Tuesday, August 31, 2010


John Carpenter's "Halloween" (**** out of ****) qualifies as both a trick and a treat.

First, the unlikely notion that an independently-produced horror movie made for a miserly $320-thousand could amass $75-million dollars and remain popular twenty-two years afterward constitutes quite a trick. Incidentally, Carpenter took twenty days to shoot "Halloween." Second, not only did "Halloween" catapult newcomer Jamie Lee Curtis to stardom {she reigned as the 'Scream Queen' in a spate of "Halloween" knock-offs, like Paul Lynch's "Prom Night" (1980) and Roger Spottiswoode's "Terror Train" (1980)} but also it spawned six sequels and two remakes of varying quality. Naturally, none surpasses the consummate skill and artistry of Carpenter's seminal slaughterhouse saga. Arguably, if Alfred Hitchcock's "Psycho" carved out a new sub-category for slashers among 1960s' horror movies, "Halloween" hacked out a niche in cinematic history when it revived the genre. According to producer Irwin Yablans, "Halloween 2" appeared primarily because scores of "Halloween" clones came out and coined considerable box-office success. Second, "Halloween" suffices as a treat because it focuses on far more than gratuitous blood & gore. Essentially, the film dwells on the cosmic issue of 'Evil' and Man's inability to combat both Evil and Fate as entities at work in our Universe.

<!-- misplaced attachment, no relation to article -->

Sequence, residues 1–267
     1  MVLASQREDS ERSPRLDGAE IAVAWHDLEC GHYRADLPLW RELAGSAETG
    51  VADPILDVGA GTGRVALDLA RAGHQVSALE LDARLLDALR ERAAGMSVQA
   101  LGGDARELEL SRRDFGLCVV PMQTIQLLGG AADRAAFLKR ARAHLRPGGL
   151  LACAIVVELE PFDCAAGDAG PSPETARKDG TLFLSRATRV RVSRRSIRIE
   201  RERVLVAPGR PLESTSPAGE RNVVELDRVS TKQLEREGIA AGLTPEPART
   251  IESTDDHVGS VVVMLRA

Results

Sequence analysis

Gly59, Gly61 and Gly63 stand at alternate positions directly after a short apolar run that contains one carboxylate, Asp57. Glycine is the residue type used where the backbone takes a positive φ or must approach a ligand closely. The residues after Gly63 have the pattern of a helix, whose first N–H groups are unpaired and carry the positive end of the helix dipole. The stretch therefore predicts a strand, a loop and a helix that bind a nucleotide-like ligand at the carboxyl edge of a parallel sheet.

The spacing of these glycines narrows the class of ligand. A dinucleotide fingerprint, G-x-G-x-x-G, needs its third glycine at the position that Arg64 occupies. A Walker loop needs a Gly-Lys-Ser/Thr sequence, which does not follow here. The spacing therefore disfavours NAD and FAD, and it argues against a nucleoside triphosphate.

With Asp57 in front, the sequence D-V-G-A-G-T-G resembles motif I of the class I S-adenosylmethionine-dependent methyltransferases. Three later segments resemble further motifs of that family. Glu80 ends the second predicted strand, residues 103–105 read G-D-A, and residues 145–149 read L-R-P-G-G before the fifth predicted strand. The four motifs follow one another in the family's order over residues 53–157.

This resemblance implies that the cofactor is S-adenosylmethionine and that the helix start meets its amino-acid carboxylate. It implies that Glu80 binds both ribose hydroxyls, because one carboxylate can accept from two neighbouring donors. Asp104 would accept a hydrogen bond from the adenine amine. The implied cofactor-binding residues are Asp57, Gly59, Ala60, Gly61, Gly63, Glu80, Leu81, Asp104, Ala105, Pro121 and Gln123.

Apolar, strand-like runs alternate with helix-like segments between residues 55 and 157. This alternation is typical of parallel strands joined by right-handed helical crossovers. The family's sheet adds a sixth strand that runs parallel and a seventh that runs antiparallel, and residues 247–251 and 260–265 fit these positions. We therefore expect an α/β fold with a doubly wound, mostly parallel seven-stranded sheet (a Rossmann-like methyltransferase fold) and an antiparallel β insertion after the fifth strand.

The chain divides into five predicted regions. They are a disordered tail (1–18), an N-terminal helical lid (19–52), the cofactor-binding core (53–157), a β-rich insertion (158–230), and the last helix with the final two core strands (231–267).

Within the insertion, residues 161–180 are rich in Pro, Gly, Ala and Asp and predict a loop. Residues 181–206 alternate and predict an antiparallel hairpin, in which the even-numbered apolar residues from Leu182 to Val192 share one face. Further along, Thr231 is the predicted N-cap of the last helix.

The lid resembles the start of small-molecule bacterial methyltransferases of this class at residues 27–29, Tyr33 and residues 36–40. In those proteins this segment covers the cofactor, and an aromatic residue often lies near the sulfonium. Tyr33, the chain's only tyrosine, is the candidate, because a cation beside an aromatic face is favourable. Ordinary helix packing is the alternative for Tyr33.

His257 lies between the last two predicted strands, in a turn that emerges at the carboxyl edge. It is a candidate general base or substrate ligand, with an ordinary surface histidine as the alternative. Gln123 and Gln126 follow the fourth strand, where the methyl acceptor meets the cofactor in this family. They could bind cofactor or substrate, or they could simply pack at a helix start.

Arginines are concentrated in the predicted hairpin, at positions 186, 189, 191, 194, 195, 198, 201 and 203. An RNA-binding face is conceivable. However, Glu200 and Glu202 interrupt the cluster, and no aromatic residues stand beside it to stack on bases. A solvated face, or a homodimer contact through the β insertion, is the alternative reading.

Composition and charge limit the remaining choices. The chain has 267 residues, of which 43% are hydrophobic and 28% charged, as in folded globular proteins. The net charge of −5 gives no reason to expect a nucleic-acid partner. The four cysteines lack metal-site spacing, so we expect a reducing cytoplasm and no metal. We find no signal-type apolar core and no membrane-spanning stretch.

Carpenter directs with commendable restraint considering the genre. Anybody who pans "Halloween" as tawdry and exploitative misses out on what elevates this minor chiller above its clones and makes it worth watching beyond the usual cursory viewings. Although it depicts savage violence, "Halloween" spills pints rather than buckets of blood. If you're counting, three females and two males perish. He doesn't rely on sophisticated special effects or ghastly prosthetic make-up appliances. He generates tension, suspense, and nerve-wracking horror by deliberately pacing the action and doling out shocks and surprises. "Halloween's" stark narrative simplicity propels it to its slang-bang ending. Carpenter and co-scenarist Debra Hill surgically pared down the plot to its absolute essentials. They relate a story with a beginning, middle, and an ending in straightforward fashion. Indeed, characterization remains deplorably one-dimensional, but the cast is convincing enough so it really doesn't matter. Moreover, they play roles that wouldn't experience radical growth over a 24 hour period, unless they wind up dying. Michael personifies Evil from start to finish. After he escapes from the Illinois State Hospital, Dr. Sam Loomis (Donald Pleasance of "You Only Live Twice") sounds the alarm: "The evil has gone from here!" Fate deploys Michael as an instrument, and Fate allows Michael to thrive with impunity in the end as the only truly phantasmagoric character.